Since the dawn of the digital age, tech companies have grappled with the protection of privacy rights amid demands from foreign and domestic authorities seeking evidence for investigations.
Those competing pressures have meant a tricky balancing act—but Google’s top lawyer has some ideas for making it easier.
Google general counsel Kent Walker, speaking in Washington at the Heritage Foundation on Thursday, laid out what he called a “new framework” that would allow countries that commit to baseline privacy and human rights principles to more easily obtain digital evidence.
To date, Walker said, the flow of data between tech companies and foreign law enforcement has been governed by diplomatic agreements—mutual legal assistance treaties that often mean a government agency will wait many months to receive requested information.
Some countries, frustrated by the long wait for data, have asserted their laws apply to companies outside their borders, putting those companies in the “untenable position” of complying with a data request at the risk of violating the home country’s laws.
“Laws governing digital evidence are due for a fundamental realignment in light of the rapid growth of technology that relies on the cloud, the very real security threat to people and communities, and the expectations of privacy that internet users have in their communications,” Walker said Thursday.
Walker’s remarks come amid a quarrel between the U.S. Justice Department and Microsoft Corp. over the federal government’s demand that the company provide data that is stored on a server in Ireland.
A federal appeals court in January refused to reconsider an earlier ruling that said the requested data remained out of reach from the Justice Department. The panel decision last year was “a major victory for the protection of people’s privacy rights under their own laws rather than the reach of foreign governments,” Microsoft general counsel Brad Smith said then. The Justice Department faces a Friday deadline to file a petition in the U.S. Supreme Court.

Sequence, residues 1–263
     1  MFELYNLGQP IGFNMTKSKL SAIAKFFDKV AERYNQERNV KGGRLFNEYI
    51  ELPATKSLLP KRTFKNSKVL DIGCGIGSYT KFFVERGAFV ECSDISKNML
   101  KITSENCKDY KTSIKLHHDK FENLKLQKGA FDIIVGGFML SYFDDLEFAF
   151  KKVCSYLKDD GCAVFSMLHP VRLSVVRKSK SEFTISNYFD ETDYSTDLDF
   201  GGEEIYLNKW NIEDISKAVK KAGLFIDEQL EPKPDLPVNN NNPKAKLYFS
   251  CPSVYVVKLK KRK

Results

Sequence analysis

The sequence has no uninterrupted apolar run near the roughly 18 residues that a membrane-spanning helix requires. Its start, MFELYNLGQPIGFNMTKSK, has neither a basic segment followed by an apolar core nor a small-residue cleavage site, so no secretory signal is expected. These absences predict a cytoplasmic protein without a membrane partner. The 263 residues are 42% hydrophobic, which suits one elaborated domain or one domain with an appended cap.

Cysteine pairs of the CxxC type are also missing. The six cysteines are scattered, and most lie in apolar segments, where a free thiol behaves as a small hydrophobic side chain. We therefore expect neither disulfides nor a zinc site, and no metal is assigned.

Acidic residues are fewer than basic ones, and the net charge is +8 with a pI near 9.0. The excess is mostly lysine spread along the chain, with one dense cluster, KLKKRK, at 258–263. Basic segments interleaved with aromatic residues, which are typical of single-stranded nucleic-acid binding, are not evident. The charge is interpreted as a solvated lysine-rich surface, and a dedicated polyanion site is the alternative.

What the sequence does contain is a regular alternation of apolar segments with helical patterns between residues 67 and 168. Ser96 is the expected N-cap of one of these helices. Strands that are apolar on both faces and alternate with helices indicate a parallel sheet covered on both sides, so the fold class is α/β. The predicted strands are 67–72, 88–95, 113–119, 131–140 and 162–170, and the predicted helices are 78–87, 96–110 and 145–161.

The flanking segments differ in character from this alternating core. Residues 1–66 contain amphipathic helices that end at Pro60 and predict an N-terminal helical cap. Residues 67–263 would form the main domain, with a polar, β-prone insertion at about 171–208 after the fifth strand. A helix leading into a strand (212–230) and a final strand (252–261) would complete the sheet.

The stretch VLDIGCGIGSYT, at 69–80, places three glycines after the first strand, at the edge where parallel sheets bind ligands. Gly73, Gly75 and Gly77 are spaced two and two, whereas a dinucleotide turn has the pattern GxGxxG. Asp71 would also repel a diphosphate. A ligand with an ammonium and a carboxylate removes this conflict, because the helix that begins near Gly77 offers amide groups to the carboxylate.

Walker said the United States and foreign governments that respect privacy rights should forge alternative agreements to the mutual legal assistance treaties, commonly called MLATs. “Ultimately,” he said, “countries should have the opportunity to gather digital evidence directly from providers in ways that respect human rights and due process.”
“We don’t have to live with a system that not only fails to protect privacy but also impedes legitimate investigations,” Walker added. “We recognize that this will be an involved process. It will require action here in Washington and capitals around the world. However, we shouldn’t accept that the complexity of action is a reason for inaction. The stakes are too high, and the risks are too great.”
Walker endorsed a U.S. Justice Department proposal that would amend the Electronic Communications Privacy Act to authorize U.S. service providers to disclose records to foreign governments that adhere to “baseline due process, human rights, and privacy standards.”
Asked to define those baseline standards, Walker cautioned against being “prescriptive.” But, as examples, he said independent reviews of law enforcement requests and safeguards against overly broad investigations would be features of a country with proper respect for privacy rights.
Walker came out against a proposal in New Zealand that would allow the government to force companies outside of the country to disclose communications content. “We hope the government doesn’t go down that path, but if New Zealand were to issue that kind of legal demand to Google, we’d be put in the position of having to make a choice between U.S. law and New Zealand law,” Walker said. “You can see the untenable position that puts any law-abiding company in.”
Walker similarly voiced his opposition to proposals that would require companies to store data within local borders.
“Let’s be clear, these data localization regulations won’t benefit users in any meaningful respect. When it comes to storing data for consumer services, putting it in one country over another simply doesn’t make it more secure or more private,” he said.
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Source: Law Journal